LAURA DU PREEZ: What to ask when choosing an RA
Choice of retirement annuity products is wide and confusing
February is a good time to re-assess the tax savings you can achieve from contributing to a retirement fund.
You may want to check whether you can save by topping up your retirement savings before the tax year ends on February 28, or after this week's budget you might want to check what you should contribute for the new tax year starting on March 1.
If you decide to contribute more to your retirement fund, and you are employed, you should begin by finding out whether you can contribute to your employer-sponsored fund as sometimes the fees are lower than on a fund you can access as an individual through a financial institution.
However, if you complement your employer-sponsored retirement savings or you are forced to save into a retirement annuity (RA) because you are self-employed, the choice of products is wide and confusing. Asking the right questions can help narrow the field.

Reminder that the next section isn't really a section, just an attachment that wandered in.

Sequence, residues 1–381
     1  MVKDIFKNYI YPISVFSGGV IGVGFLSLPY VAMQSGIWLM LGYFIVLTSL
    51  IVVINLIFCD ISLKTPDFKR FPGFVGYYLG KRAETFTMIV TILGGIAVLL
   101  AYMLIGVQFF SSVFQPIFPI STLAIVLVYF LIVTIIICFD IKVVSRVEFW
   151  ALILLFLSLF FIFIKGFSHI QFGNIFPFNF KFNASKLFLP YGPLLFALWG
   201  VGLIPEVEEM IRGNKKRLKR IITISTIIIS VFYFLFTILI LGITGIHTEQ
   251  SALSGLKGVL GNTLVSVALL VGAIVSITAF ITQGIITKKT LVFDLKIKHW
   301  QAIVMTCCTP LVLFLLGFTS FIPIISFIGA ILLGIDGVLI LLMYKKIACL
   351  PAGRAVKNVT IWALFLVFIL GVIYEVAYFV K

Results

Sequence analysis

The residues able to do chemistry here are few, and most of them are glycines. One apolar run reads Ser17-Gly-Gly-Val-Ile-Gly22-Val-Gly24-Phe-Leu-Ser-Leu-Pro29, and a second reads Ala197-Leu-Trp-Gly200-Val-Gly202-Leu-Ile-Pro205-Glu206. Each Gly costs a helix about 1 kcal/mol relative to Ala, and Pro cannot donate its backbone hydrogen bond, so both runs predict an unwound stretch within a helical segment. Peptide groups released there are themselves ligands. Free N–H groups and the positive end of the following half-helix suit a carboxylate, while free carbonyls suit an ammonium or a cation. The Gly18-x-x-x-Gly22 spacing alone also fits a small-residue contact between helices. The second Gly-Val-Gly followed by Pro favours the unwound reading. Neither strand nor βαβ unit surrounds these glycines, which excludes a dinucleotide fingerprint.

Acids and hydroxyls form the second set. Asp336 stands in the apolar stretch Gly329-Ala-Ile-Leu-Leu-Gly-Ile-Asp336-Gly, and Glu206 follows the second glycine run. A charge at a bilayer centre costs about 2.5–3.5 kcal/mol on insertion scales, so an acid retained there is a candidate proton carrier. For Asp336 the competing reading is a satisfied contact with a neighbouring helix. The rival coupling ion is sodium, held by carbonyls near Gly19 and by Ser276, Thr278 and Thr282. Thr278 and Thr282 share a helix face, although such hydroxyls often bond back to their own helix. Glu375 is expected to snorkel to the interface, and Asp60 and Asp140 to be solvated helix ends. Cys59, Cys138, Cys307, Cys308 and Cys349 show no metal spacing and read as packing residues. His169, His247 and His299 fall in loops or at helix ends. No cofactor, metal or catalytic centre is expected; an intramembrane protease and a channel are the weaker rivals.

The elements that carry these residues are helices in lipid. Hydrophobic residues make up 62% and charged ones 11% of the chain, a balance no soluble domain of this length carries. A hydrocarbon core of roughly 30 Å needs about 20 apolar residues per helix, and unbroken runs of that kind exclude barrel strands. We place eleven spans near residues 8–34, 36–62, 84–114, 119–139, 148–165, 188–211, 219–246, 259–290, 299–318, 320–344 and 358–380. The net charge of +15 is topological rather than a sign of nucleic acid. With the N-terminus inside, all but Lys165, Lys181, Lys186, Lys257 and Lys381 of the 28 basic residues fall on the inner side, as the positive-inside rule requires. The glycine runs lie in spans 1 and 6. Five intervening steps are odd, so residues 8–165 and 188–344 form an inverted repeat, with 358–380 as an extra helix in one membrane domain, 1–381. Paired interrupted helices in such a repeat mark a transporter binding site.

Is it a policy with terms and penalties?
Is the RA "wrapped" as a life assurance policy with contractual terms that stipulate you must make a regular contribution for a specified term with set increases each year where you could be penalised, or is it one without these constraints?
While a contract can help you be disciplined about saving, should some financial crisis arise — such as losing your job — breaking the contract by stopping or reducing your contributions could result in the life company imposing certain penalties.
You do not need to agree to the terms that come with some RAs, however. So-called new generation RAs offered by some investment platforms and unit trust companies have none of these terms, allowing you to sign up for a regular contribution but stop or reduce that contribution should you need to, at any time...